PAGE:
If you’re looking for a dual purpose motorcycle with a very strong bias toward dirt performance,this might be your bike. It could even handle a motocross track if asked. Your attitude should be “I want to get to the dirt to play without getting a ticket”.

On the other hand, if you want a more balanced machine that can handle the occasional trip off road, but offer long-distance comfort on the road, look elsewhere. Something like the KLR might be your ticket. Notwithstanding this thought, the engine and chassis on the Husky FE 350 S are so good they had us dreaming about swapping the seat and tires to more street friendly items.

The 2015 Husqvarna FE 350 S has a U.S. MSRP of $10,049. Visit Husqvarna’s web site for further details and specifications.



  1. GKS says:

    One thing that everyone should realize, is that Husqvarna dual sports (and their KTM counterparts) are not dual sports in the same sense as a KLR or DR. These are off-road competition-level motorcycles that been made minimally street legal. Anyone thinking of using one of these for regular on-road transportation will quickly discover the compromises that make them poor street bikes (tall, firm seat, tiny fuel capacity, off-road tires and lighting, etc.)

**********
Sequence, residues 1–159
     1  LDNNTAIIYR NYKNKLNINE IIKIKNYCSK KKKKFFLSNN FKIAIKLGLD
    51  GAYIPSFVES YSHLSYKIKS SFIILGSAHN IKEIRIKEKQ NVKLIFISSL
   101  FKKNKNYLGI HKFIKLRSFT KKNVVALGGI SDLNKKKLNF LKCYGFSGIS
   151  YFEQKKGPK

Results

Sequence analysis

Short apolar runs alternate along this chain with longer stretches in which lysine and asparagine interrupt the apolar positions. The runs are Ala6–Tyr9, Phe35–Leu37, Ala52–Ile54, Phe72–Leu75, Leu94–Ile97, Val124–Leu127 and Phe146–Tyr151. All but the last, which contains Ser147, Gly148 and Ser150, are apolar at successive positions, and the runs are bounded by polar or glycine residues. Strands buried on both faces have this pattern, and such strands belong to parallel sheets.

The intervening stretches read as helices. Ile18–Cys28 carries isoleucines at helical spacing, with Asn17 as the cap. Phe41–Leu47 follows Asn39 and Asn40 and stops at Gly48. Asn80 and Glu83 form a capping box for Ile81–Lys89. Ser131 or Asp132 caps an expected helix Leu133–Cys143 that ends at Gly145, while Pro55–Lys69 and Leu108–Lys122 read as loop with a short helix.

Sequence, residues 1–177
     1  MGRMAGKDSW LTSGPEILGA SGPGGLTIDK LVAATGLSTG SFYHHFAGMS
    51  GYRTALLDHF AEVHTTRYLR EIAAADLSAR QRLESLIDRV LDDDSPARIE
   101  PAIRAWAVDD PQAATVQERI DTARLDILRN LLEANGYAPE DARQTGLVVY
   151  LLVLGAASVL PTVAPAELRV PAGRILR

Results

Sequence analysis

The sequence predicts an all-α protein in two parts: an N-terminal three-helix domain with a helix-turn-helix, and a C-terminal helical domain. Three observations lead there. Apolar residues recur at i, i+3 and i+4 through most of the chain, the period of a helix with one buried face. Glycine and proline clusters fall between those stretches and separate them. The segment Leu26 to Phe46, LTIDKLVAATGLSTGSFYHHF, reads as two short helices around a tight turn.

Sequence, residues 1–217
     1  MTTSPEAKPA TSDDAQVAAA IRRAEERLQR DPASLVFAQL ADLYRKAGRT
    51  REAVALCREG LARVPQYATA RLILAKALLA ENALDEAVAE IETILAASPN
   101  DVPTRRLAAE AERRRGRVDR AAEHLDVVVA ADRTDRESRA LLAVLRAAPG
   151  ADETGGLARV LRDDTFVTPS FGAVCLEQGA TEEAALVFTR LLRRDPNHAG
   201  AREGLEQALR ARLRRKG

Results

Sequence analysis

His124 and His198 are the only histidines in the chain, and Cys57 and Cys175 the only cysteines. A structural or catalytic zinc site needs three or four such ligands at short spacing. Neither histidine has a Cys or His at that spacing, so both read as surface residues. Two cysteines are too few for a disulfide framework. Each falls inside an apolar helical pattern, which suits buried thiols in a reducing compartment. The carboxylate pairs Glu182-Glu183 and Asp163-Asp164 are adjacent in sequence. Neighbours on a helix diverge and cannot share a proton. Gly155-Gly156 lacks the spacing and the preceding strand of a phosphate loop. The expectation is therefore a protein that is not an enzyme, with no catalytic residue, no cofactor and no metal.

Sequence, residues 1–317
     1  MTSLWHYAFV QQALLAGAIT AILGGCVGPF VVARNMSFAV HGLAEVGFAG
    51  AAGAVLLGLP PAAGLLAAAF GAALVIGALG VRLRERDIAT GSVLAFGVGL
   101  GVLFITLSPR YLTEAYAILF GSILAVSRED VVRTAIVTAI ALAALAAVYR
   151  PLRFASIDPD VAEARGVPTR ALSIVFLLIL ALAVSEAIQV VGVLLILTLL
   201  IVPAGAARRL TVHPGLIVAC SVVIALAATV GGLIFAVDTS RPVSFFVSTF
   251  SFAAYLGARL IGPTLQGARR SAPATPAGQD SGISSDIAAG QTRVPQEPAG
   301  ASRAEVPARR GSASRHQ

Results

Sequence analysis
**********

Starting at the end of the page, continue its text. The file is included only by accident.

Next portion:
2. gsbeliever says:

    The 501 version is only $200 more than the 350, that’s about the cheapest upgrade you’ll ever find!

  3. Gordon Haight says:

    Good bike for LA-Barstow-Vegas run. Probably the best choice of you can afford to drop 10G on one.

  4. Provologna says:

    OK, what about the test subject bike vs. 2012 or later Yamaha 2012 WR450R with street kit installed? Throw in a full honkin’ Super Motard kit (appropriate front wheel, 320mm wave rotor, radial front caliper, DOT race rubber, etc, etc) to swap between dual purpose and Super Motard.

    Note to self: add attorney contact to speed dial.

  5. Gillmartin says:

    I love how the only issue with the seat is the firmness and profile, not the fact that it’s 38″ high… I might consider a bike that tall if I”m only using it off-road, but on a bike that I’ll need to bring to a stop on a regular basis on the street? Nope.

    • william says: